Tuesday, 3 December 2013

Purple Haze

I decided to have a look at the groynes at Hythe. where in previous years I've seen Purple Sandpipers. I hadn't heard of any this year so far, but there was a fair chance that some would have returned. I stared at the rocks opposite the Stade Court Hotel.

I should have consulted the tide tables, with a very low tide there were lots of rocks extending into the sea and the tops were too slippery for me. It's a shame when you get old and doddery! At first I could only see a couple of  Turnstones feeding around the rocks.

I wasn't long before a Purple Sandpiper came into view and joined the Turnstone as they fed on the small items among the weed on the rocks.
I was both surprised and pleased when one came closer as I stood higher up the beach to get a view into the crevices nearer the sea.
I don't know what it is about Purple Sandpipers, but they are a very attractive wader, and not unlike one of my favourites from my visit to California in spring, the Surfbird. The next groyne along, going towards Sandgate had two more feeding Purple Sandpipers sneaking round the end rocks, this despite the activities of lorries and diggers on the beach.

Further along the beach an adult Mediterranean Gull caught my attention. It didn't stay in view long, walking down the beach as a lorry fully of shingle approached.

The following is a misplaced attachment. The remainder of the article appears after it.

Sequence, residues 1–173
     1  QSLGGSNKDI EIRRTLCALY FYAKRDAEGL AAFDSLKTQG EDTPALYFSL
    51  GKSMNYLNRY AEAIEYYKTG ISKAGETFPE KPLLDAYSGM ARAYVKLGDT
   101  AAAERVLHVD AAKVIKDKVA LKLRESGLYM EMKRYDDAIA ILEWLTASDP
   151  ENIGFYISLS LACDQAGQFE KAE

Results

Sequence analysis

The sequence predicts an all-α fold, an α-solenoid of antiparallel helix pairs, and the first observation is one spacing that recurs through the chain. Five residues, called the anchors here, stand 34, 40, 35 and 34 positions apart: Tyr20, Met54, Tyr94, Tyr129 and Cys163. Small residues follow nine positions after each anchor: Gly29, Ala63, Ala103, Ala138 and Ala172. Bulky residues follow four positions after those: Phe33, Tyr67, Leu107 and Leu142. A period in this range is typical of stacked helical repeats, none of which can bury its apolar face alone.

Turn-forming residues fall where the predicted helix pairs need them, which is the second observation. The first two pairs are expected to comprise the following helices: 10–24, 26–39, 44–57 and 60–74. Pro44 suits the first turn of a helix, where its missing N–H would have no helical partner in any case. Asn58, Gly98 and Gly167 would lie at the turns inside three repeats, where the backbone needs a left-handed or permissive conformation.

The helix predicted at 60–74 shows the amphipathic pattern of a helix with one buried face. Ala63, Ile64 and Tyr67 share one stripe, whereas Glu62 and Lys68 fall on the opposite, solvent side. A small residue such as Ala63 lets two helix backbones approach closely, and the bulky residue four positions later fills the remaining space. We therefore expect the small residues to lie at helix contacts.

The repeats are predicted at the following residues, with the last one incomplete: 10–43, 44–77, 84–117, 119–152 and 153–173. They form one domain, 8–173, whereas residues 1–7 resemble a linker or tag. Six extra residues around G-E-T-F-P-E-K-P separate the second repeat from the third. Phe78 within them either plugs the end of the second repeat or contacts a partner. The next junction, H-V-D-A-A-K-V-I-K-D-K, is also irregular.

Of course when you get back to Folkestone all the lamp-posts along  West Bay Road have a Mediterranean Gull sitting on top!

This one, another adult has far less of the "headphone" marking left than the previous bird. I didn't manage to find any with numbered rings today, but they are worth looking out for.

Yesterday evening at the Restharrow Scrape I sat and pondered the possibility of a Barn Owl coming through, as was it's habit last year. It didn't happen but at least the Water Rail put on a good display for my and two other people in the hide.

It looked as it was posing here, but it managed to chose a place with a piece of grass getting in the way of the beak!
Crakes and Rails have a mysterious way of moving through small gaps in the reeds, so it was rather good to see it walking about in the open.

Just as I was about to leave twpo Curlews dropped in the have a quick drink and bathe. They are big chaps and make the Teal look diminutive.

They weren't there long before one started calling and they both looked fidgety.A few calls and then they were away.

 I watched them go and decided to do the same myself. A wander across Worth Marshes failed to produce an owl, but there is still time for both Barn and Short-eared to get into a routine as they did last year.

Back at St Margaret's the activity in the fields has brought quite a lot of gulls in and a Mediterranean circled over the Dover Road at its junction with the A258.

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